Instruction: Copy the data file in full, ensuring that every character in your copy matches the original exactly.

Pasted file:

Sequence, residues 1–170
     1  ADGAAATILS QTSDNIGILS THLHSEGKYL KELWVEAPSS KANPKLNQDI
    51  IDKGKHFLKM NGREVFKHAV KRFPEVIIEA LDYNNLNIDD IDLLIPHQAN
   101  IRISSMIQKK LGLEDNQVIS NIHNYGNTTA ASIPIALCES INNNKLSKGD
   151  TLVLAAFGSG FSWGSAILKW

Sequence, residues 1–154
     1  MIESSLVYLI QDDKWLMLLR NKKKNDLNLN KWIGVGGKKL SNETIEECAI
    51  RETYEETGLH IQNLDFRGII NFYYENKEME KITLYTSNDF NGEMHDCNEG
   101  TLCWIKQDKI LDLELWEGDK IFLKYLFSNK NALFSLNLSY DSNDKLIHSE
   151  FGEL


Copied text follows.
Sequence, residues 1–170
     1  ADGAAATILS QTSDNIGILS THLHSEGKYL KELWVEAPSS KANPKLNQDI
    51  IDKGKHFLKM NGREVFKHAV KRFPEVIIEA LDYNNLNIDD IDLLIPHQAN
   101  IRISSMIQKK LGLEDNQVIS NIHNYGNTTA ASIPIALCES INNNKLSKGD
   151  TLVLAAFGSG FSWGSAILKW

Sequence, residues 1–154
     1  MIESSLVYLI QDDKWLMLLR NKKKNDLNLN KWIGVGGKKL SNETIEECAI
    51  RETYEETGLH IQNLDFRGII NFYYENKEME KITLYTSNDF NGEMHDCNEG
   101  TLCWIKQDKI LDLELWEGDK IFLKYLFSNK NALFSLNLSY DSNDKLIHSE
   151  FGEL